Changing Winter Tires


Winter tires – also called snow tires are tires which are designed for winter temperatures and conditions. They make it a lot safer to drive in winter conditions and are therefore recommended in colder climates everywhere in the world even though some countries don’t have legislation making them mandatory.

Winter Tires required by legislation

Where are winter tires mandatory? Snow tires or winter tires are mandatory during part of the year in many European countries but not in the USA. Also part of Canada and Japan have mandatory winter tires. See the below table for countries that have legislation in place requiring winter tires for certain days of the year.

The below table has a list of countries or provinces which require winter tires and also information on where studded tires are not allowed.

Country / State / ProvinceWinter tires requiredStudded tires allowedMonths to use winter tires
AustriaYesYes
Bosnia-HerzegovinaYesNo
CroatiaYesNo
Czech RepublicYesNoDecember 1 to March 31
EstoniaYesYesDecember 1 to February 28
FinlandYesYesDecember 1 to March 31
GermanyYesNo
LatviaYesYesDecember 1 to March 1
LithuaniaYesYesNovember 1 to April 1
MontenegroYesNo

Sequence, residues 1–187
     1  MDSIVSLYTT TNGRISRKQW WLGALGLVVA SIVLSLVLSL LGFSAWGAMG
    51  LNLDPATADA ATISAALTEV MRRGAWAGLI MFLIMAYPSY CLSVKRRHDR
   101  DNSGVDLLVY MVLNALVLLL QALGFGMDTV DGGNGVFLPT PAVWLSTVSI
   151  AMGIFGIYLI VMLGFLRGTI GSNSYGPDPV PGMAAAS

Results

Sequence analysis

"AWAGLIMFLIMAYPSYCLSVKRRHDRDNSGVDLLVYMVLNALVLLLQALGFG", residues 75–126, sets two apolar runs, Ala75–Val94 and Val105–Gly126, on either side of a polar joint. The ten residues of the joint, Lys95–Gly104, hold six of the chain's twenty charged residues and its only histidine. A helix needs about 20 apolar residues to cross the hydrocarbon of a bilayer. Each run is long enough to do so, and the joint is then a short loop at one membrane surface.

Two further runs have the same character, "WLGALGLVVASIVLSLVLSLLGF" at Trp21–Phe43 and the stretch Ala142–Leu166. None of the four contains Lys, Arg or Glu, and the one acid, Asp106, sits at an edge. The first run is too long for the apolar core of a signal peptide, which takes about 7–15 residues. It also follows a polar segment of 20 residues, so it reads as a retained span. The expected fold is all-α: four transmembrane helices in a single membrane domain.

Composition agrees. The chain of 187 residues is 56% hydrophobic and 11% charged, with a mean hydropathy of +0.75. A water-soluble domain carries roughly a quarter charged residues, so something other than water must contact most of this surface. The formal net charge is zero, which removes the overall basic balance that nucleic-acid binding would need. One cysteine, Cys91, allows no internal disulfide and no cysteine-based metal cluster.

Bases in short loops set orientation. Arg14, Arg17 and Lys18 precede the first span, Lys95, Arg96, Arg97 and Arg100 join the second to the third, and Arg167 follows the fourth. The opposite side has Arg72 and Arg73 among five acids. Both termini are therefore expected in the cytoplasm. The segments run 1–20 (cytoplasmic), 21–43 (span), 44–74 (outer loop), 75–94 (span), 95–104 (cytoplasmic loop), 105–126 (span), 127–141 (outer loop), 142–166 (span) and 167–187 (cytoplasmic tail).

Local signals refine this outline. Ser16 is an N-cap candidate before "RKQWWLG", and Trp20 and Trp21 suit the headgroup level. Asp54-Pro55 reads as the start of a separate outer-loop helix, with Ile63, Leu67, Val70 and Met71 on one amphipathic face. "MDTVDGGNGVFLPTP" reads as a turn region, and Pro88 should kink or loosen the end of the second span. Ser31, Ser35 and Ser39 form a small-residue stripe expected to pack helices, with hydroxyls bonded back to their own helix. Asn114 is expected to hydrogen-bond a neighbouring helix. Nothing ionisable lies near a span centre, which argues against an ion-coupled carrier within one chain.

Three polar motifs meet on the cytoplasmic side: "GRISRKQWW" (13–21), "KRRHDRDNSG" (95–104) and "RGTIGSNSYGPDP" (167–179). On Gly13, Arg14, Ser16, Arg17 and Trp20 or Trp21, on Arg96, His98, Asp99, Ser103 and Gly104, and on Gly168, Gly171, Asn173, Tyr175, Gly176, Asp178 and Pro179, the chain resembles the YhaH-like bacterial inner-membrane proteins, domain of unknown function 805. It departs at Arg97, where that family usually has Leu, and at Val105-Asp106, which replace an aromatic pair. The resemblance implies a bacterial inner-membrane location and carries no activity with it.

NorwayYesYes
RomaniaYesNo
SerbiaYesNo
SlovakiaYesNo
SloveniaYesNo
SwedenYesYes
RussiaYesYesDecember 1 to February 28
Quebec CanadaYesYesDecember 1 to March 15
HawaiiNoNo
MississippiNoNo
Puerto RicoNoNo
Southern OntarioNoNo
All other US statesNoYes
All other Canadian provincesNoYes
JapanYesYes

How to Change Tires

Changing tires is quite easy but if you are doing for the first time you can check my video below on how to do it or read the below steps with all the details.

Required tools

  • floor jack
  • lug wrench
  • torque wrench (optional)
  • drill driver with sockets (optional)

1. Place Jack in correct position

You can refer to the owners manual of your car for the correction position where to jack up the car.

Don’t jack the car up yet because the wheel will spin when loosening the lug nuts if the tire is in the air.

2. Loosen Lug Nuts

First, remove the hub cap if you have one. Second, use the lug wrench to loosen the lug nuts by rotating anti-clockwise.

3. Jack Up the Car

Jack up the car with the floor jack by pumping the handle. You want to get the wheel into the air and have some space under it to allow you to easily take the wheel off.

For security reasons, it’s best to place a jack stand or your tire under the car because the jack stand can brake, tip over or lose pressure bringing the car down.

4. Remove the Lug nuts and Take the Tire Off

Since the lug nuts have already been loosened in step 2 you can now turn them open by hand or use your drill driver with a socket to quickly remove them.

With all the lug nuts off you can lift the tire off the lug bolts and place it aside. Sometimes the tire sticks to the wheel hub due to rust. In this case, you can kick the wheel a few times to loosen it up.